So I ask a couple of questions, give a couple of comments about stronger choices he could make, and you can tell that the VP thinks they’re good, as he lunges for a piece of paper and starts scribbling as I’m talking. When I ask him what inspired him to write this, he says “I wanted to write something uplifting. Because so much of what we do here (meaning shows the network produces) is just to pass the time.”

The comment has stayed with me for a few days. Write something uplifting. I suppose you could swap that with Write something meaningful and get the same thing. I’d prefer that, really. Because I dunno if I could write something that dripped of Up Up Up With PEOPLE, since most of the time, people bug the hell out of me (except you, Gentle Reader. Always, always except you.)

With my plays, I want to entertain. That’s it. If I can make someone laugh, I’ve done my job, because I’ve seen way too much L.A. theater that purports to be “meaningful” and comes across as pretentious yak puke. (Don’t even get me started on L.A. theater that purports to be “provocative.”)

If you start writing something with the intent of being Meaningful, you’re probably loading up the Heavy Handed Bat for a good whacking on the reader’s knuckles and not realizing it. But if you’re doing your job as a writer, and hitting all the right beats of storytelling, you’re more than likely going to end up with something meaningful anyway. Maybe. Or maybe not. My next script is a spoof of film noir. It’s Ace Ventura meets The Maltese Falcon. I don’t think there’s gonna be a lot that’s meaningful about it.

But hopefully it’ll make people laugh. More than “passing the time.” But not “Uplifting.” There’s gotta be a happy medium somewhere.


Midlife Virgin said...

Uplifting is in the eye of the beholder. I actually thought Big Ever After had some really lovely uplifting moments without being heavy-handed about it. As long as it's about something, you will find those moments without using a sledgehammer. I have faith in you. It's only a matter of time.

Anonymous said...

Yet another great story Amy. I think most of us can understand the been there done that feeling. But sometimes God surprises us with the unexpected. I wish you well.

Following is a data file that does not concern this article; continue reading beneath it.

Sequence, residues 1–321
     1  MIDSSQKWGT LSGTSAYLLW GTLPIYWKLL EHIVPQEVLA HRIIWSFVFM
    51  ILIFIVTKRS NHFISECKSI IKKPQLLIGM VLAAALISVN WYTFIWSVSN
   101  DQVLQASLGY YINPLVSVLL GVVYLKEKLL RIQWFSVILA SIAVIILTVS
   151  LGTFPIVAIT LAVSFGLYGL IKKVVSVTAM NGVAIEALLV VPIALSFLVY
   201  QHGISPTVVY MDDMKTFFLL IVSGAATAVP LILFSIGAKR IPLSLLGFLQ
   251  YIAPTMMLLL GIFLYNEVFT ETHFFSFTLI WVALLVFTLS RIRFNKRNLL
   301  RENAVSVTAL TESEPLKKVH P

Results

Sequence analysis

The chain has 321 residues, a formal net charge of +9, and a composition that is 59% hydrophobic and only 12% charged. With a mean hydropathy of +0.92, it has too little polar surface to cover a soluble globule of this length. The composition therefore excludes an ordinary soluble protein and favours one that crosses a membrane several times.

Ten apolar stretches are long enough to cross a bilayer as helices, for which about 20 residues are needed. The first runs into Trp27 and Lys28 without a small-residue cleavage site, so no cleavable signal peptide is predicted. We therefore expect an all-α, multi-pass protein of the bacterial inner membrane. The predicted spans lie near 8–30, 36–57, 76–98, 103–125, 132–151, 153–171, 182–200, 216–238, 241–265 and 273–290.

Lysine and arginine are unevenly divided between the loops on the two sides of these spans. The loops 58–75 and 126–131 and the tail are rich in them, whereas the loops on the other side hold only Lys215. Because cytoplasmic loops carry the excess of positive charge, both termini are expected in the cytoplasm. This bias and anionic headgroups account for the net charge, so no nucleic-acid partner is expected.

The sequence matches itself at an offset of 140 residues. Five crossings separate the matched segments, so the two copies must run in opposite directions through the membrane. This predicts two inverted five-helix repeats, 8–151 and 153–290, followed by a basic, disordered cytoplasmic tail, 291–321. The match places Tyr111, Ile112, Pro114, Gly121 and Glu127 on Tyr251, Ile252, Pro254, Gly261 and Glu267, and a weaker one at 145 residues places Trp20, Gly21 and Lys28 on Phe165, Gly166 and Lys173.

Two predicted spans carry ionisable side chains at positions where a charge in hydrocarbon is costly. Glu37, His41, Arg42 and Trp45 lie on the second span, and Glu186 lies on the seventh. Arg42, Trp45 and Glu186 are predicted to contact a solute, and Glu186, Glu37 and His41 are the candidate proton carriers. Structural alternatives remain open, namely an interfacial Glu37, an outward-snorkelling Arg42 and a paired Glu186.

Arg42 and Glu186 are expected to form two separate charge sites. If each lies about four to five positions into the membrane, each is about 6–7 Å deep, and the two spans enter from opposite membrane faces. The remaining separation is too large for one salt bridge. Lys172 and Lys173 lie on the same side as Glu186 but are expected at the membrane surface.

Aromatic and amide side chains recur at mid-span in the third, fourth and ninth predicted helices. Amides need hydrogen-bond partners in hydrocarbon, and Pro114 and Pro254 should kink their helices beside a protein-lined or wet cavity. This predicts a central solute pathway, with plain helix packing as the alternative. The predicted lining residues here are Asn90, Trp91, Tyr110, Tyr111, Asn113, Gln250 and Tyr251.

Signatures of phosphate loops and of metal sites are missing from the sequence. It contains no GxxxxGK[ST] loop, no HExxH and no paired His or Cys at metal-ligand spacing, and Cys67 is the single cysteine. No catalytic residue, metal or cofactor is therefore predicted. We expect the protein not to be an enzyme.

RichardT said...

Gotta agree with MLV -- BEA was a comedy, sure, but at its heart it was a piece about people taking control of their lives (even though they were fictional). And THAT'S uplifting! The script you sent me recently I thought was uplifting in the way the chracters transformed themselves. So I gotta say that that's already a part of your character as a writer.

With your new boss: it's not utterly uncommon in my experience for Biz Bosses to show their assistants their work if they think the person has a brain on them. It seems to be a way for them to get feedback from people who they don't perceive as being professional critics (ie: paid script readers), so they are getting a new and possibly unjaded set of eyes on the stuff before they send it off to wherever. Actually sounds to me, Amy, like you might be in the right place at the right time for some good things to come your way.

Last: the only place where doing the same thing over and over again and expecting a different result actually makes some sense is in H'wood. So much of success in this town depends on relentlessly doing the thing you do until it gets noticed--and that's something that MOST of the time doesn't happen the first, second or third time out. The idea is to refine it as you go so that when that Big Cheese finally says "Now, that's odd - there's a woman over there flapping her arms wildly, script in hand" you have something sharp to show them.

Allison said...

It's encouraging to know someone who's plugging away, being faithful, and not falling into some sort of righteous depression. It's how I want to be. :)

Heck, even your BLOGS are uplifting!